Recent comments by presidential hopeful Michele Bachmann have stirred up the discussion about gay marriage once again. While speaking to a group of high school…
The first year of marriage is like wet cement — the impressions made in it are much harder to change once it has set.
I got married, a little over a year ago, at the ripe old age of 19 to my 22-year-old fiancé.
My fiancé was from Michigan and I lived in Washington. He moved here 3 months before our wedding with no job, no place to live and only enough money to get himself over here. I was living with my parents working a temporary summer job and about to start my second year of college.
Needless to say, we started building our lives together from the ground up. Maybe even below the ground.
I have a friend who got married, a little over a year ago, also at age 19. The man she married is 12 years her senior.
He has an established career, makes a decent living and owns a nice home.
Many would say she got the better deal. She walked into her first year of marriage looking forward to job stability, financial stability, a nice house and being able to avoid a lot of the problems my husband and I faced during our first year of marriage. She recently had an adorable baby boy and was able to do so without having to worry about how they were going to pay for the costs of health care. I’m not suggesting that they didn’t have their share of troubles that inevitably come about from two people learning to be work together as one, but the outside stressors were relatively limited for them.
As for me? Well, I walked into my first year of marriage living in a tiny one-bedroom apartment inside of a mansion that had been converted into separate living spaces. My kitchen was no more than a hallway and our “bedroom” was so small that we decided to make it our living room since it really only fit our TV. We lived in one of the worst neighborhoods in town since it had the cheapest rent. The neighbor across the hall was a “sweet old lady” and also a drug dealer. The man who lived next to us sung along drunkenly to Journey at 1:00 in the morning, which I could hear very clearly through our paper-thin walls. Upstairs there was even a prostitute who liked to loudly discuss her ventures, in great detail, outside our front window.
During our first year, we had our front window bashed in with a rock, our car was broken into and we witnessed multiple assaults outside our front door in the hall. Our apartment was flooded (from the ceiling) two separate times because the lady two floors above us left the house with her clogged toilet running.
My husband worked two jobs: an on-call overnight shift and another day job. He would sometimes go for five days straight with no more than seven or eight hours of combined sleep. I went to school full time and worked part time. We somehow managed, through our cheap rent and eating spaghetti all the time, to make ends meet.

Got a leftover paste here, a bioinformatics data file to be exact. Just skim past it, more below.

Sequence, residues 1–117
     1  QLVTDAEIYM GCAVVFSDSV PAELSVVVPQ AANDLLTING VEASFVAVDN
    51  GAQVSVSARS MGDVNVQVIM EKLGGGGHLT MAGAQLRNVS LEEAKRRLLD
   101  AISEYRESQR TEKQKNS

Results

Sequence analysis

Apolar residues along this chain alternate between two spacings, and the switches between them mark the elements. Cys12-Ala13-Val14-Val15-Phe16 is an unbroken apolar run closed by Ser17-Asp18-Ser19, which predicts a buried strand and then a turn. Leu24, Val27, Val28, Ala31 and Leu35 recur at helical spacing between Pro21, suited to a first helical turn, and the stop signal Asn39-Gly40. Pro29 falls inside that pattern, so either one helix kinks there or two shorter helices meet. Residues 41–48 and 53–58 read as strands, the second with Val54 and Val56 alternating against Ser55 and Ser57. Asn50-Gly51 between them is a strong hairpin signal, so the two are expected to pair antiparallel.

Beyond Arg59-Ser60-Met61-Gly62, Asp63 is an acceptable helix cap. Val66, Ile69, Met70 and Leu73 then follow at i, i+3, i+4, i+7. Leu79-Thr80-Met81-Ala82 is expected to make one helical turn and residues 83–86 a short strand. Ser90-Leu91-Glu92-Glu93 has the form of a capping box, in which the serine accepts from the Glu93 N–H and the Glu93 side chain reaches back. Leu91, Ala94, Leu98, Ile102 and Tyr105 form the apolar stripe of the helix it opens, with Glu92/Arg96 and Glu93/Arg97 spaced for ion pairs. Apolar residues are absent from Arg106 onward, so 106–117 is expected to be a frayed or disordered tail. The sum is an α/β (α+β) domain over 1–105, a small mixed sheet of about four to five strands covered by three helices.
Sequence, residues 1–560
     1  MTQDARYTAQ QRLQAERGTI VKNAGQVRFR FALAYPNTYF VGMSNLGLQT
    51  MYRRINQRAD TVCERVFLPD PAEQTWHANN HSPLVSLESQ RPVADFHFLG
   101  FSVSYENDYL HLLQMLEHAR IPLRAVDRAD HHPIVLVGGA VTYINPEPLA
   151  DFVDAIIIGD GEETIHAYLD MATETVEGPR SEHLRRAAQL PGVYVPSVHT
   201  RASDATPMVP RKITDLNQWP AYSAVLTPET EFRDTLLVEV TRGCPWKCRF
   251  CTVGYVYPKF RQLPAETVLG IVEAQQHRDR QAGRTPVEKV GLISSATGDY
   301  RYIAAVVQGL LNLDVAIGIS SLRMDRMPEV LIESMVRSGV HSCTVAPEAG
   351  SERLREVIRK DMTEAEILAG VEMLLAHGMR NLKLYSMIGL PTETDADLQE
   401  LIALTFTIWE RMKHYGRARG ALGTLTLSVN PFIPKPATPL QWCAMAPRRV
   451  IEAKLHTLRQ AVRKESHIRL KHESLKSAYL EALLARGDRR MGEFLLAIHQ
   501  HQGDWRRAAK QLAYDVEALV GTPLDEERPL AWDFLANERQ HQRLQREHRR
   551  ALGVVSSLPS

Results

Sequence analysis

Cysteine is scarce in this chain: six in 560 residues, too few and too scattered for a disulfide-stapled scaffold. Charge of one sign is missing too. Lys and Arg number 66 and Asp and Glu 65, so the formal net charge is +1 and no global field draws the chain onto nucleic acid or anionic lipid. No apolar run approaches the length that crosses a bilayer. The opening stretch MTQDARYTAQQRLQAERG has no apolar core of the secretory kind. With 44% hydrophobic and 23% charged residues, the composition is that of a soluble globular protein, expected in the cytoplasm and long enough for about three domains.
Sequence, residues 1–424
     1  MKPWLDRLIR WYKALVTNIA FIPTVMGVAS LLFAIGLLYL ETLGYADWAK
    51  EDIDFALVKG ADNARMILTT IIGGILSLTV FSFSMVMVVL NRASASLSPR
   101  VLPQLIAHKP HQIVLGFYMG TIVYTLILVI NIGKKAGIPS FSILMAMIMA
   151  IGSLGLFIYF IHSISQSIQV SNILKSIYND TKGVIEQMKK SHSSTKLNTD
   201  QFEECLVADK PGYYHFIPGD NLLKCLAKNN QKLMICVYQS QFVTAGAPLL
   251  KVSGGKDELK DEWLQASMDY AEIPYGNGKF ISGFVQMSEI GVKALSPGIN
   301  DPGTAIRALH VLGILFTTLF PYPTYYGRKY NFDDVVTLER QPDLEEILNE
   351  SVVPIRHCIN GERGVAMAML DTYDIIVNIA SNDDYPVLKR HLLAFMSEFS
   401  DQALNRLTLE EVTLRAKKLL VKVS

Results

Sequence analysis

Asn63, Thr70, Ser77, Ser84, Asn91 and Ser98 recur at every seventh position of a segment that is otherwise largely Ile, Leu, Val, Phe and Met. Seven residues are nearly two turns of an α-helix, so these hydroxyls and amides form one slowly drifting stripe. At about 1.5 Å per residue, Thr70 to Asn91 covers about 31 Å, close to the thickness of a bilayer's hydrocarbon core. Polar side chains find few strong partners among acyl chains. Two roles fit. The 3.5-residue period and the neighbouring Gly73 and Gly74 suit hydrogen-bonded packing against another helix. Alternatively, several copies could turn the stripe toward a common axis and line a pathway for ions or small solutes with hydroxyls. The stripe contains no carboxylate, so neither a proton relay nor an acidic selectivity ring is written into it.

Maybe it’s our personalities, but we somehow managed to find ways to laugh about all of it (sometimes after a few tears).
We didn’t have it easy by any means, but our marriage is so much stronger because of it. We learned so much about each other, about how to more effectively communicate, about leaning on each other for support and most of all– how to trust God who came through for us more times than I can count. This first year has laid an incredibly solid foundation for the rest of our future. There are so many insights into each other that we would have missed out on had our situation been like my friend’s.
Reflecting on our first year of marriage, I can see just how far we’ve come. We now live in a nice house in a wonderful quiet neighborhood, my husband has a great full-time job with regular hours that he enjoys and we have a beautiful newborn daughter who has made us a family. My husband and I are still each other’s best friends and we talk about everything. We know that, if we survived the last 12 months, we can survive anything life throws at us.
That year seemed like something out of a bad sitcom, but I wouldn’t trade it for the world. If I had the option to go back in time and choose between having it be picture-perfect, or the insane mess that it was…I would choose the insane mess. I honestly can’t fathom how a couple can manage to experience the closeness that my husband and I have without the cliché difficult first year of marriage; I would even go so far as to say that it is an important part of establishing that life-long bond.
Marriage is more than sharing a life together; it is building a life together. Every “for worse” makes the “for better”…even better.
Photo Credit: cjhallman